Should there be a difference in ceremony between line of duty, on-duty, and off-duty funerals? It is best to collect your members' thoughts now and plan ahead before the event. (Bill Carey photo)
When someone has any type of emergency, they call 9-1-1 and get an EMT, Paramedic, Firefighter or Police Officer. No matter the time of day or night, they, the citizens we swore to protect, know they will get the help they need. But when we have an emergency we don’t have a magical number to call to fix our problem. We have to rely on each other. And no one takes better care of their own then the fire service. Sometimes, too well.
Here is what I mean by that. We all have those people on the department we absolutely love and look up to. Everyone likes them and thinks they are the greatest thing since sliced bread. They have the knowledge, or are easy to talk to, or maybe they are the funniest person around. And if that person dies off duty or post retirement, we want to give them a funeral befitting a king.
When one of our own dies in the line of duty, it affects the whole fire family. Uniformed men and women show up from all over the U.S., and beyond, to help pay final tribute to our fallen and show the family they have support. We carry our fallen on an engine company, cross our water towers and hang a flag between them. Then we toll bells and tears fall from our eyes as we listen to taps and the bag pipes play amazing grace. We do this because there is something honorable about dying in the Line of Duty. I’m not saying we want to, I’m saying we accept that fact and we will always honor and remember those who gave the ultimate sacrifice.
So why do we want to take something so sacred and give it to everyone?
There needs to be that line of distinction between retiree, active duty and line of duty funerals. I am not saying that the person that made it 30 plus years in the fire service and was lucky to retire, doesn’t deserve anything. But do they deserve the same as someone that died falling through a floor at a working structure fire or was treating a patient in the back of an ambulance when it was hit?
One department I know of reads the bell ceremony and tolls the bell for retiree funerals and another that reads it for active duty funerals. It states right in the reading:
"When a firefighter had died in the line of duty, paying the supreme sacrifice, it was the mournful toll of the bell the solemnly announced a comrades passing. We utilize these traditions as symbols, which reflect honor and respect on those who have given so much and who have served so well. To symnolize the devotion that these brave souls had for their duty, a special signal, of hree rings, three times each, represents the end of our comrades' duties and that they will be returning to quarters."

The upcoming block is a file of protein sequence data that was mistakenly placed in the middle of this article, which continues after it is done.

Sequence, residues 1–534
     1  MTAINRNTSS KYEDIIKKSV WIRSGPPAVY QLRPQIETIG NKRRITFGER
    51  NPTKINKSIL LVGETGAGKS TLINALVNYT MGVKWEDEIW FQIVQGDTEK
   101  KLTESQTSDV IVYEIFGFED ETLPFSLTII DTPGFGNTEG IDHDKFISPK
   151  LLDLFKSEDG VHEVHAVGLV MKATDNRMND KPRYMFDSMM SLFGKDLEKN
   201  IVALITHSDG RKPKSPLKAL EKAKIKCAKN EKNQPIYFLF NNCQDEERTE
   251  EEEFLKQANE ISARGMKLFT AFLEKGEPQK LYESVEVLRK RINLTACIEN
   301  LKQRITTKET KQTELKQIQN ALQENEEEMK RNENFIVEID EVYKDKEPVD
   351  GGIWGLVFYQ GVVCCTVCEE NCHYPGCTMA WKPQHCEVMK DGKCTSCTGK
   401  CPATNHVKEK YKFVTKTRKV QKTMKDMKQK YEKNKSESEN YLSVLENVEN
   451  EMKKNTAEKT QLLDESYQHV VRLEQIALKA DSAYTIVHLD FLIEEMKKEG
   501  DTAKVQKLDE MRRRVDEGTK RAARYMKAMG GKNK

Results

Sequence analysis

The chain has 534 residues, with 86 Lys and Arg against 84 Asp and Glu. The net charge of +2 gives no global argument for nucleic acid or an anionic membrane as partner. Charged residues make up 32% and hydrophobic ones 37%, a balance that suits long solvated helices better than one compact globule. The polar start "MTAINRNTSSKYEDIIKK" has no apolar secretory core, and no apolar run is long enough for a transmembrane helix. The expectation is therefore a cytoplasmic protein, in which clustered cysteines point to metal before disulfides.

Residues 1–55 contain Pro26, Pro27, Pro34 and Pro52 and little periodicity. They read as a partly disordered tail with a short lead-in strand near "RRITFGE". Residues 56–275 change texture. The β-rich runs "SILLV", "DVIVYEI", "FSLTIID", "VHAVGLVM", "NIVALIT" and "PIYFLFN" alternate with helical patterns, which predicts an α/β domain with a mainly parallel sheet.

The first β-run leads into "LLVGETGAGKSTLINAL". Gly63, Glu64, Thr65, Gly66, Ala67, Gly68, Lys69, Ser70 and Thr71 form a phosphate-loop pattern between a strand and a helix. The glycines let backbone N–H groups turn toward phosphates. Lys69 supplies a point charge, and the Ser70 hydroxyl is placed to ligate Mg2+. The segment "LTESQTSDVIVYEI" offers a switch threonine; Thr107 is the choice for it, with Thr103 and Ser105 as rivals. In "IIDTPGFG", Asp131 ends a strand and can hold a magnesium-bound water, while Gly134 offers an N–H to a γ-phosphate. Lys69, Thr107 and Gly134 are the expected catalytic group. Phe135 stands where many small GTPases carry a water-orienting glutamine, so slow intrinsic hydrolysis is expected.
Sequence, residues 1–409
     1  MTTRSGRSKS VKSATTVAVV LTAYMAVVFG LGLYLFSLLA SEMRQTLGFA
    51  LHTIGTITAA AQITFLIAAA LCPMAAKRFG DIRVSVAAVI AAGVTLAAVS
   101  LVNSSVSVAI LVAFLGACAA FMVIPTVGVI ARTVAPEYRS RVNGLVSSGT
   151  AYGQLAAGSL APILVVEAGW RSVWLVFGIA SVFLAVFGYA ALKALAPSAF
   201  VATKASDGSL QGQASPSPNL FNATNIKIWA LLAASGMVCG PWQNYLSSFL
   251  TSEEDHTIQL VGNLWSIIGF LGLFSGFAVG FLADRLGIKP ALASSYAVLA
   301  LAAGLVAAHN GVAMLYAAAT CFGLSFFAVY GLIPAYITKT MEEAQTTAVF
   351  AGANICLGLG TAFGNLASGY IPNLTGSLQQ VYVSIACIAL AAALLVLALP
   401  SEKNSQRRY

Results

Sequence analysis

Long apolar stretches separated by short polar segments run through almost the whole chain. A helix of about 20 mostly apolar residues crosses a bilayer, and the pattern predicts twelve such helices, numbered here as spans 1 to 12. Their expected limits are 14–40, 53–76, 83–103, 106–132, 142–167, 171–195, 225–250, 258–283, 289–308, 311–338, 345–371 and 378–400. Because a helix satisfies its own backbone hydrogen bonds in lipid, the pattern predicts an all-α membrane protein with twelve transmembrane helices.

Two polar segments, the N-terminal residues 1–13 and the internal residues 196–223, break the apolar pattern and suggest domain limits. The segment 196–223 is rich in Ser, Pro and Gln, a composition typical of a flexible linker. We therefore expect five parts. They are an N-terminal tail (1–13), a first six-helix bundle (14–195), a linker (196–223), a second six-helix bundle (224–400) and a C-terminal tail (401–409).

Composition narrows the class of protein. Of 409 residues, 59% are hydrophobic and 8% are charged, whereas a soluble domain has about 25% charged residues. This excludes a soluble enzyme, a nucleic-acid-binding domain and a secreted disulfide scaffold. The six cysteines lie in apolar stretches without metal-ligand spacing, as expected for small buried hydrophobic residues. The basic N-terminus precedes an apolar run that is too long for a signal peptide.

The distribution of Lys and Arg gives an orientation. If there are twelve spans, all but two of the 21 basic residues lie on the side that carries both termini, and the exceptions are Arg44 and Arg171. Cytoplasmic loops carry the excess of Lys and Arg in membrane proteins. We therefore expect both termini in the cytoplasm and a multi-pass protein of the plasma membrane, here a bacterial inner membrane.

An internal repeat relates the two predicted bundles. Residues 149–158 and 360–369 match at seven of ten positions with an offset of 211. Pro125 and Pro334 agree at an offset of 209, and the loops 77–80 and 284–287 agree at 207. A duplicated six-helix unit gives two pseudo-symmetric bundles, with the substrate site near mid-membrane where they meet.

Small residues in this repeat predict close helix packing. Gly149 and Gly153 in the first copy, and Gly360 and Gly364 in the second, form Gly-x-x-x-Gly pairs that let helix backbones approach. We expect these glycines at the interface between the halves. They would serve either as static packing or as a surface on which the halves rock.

When we lose an active brother or sister off duty, it’s still a great loss. It’s not somehow easier to deal with an active duty loss when it’s an accident, medical problem or even a suicide. Everyone on the department is stunned and at a loss for words. And, as a department and honor guard, we are going to be there for that family and help them and our department members through this terrible time.
A department near mine had an active duty member die while off duty. Although I didn’t agree with the fact that this department was giving their firefighter a full honors funeral, I was still honored they asked me and another honor guard commander to help train them. After assisting them with training on pall bearer duties, I was walking to my car to leave, and an older gentleman shakes my hand and says “thank you for helping us, he was a great guy and deserves this”. All I could think was, “if he wasn’t a great guy, would he still deserve this”? Think about this, if you give a well liked retiree or an active duty member a full honors funeral, and then a few years later a not so liked member dies, are you going to do the same? Because now the precedent is set and that family may want the same for their loved one. And rightfully so.
A wise man once told me, if someone wants more than what your protocols allow, tell them this, “Tradition dictates that this is what we do for this type of funeral.” And we in the fire service are all about tradition, right?
If your department doesn’t have protocols defining what to do should you have to assist in planning a retiree, active duty or line of duty funeral, you may want to start putting some together. Start by surfing the internet. There are many honor guards and departments that have their protocols online. We have sent our protocols to many different people looking for a template to start with. When writing our protocols, I downloaded and paged through protocols from 20 different departments, honor guards and statewide honor guards to include the military. We have been updating and adjusting our protocols since then. Look around and see if there is an honor guard nearby that will come help you. There are a few places out there that have classes on how to set up an honor guard, set up protocols and will train you on the basics of honor guard duties. You can learn everything from basic drill, to posting/presenting the colors, casket guard duties, pall bearer duties and flag folding detail.
Everyone that has served honorably as a firefighter/EMT deserves some type of recognition for their service when they pass. But we need to be sure we don’t grey that line between tradition and what feel someone should get.
20 years Fire service
17 years Milwaukee Fire Department (WI)
Former Commander: Milwaukee Firefighters Honor Guard
Commander: Professional Firefighters of Wisconsin Honor Guard
Commander: Wisconsin State Firefighters Memorial Funeral Guard
Deputy Commander: International Association of Fire Fighters Honor Guard
Lead Instructor/Founder: Milwaukee Honor Guard Clinic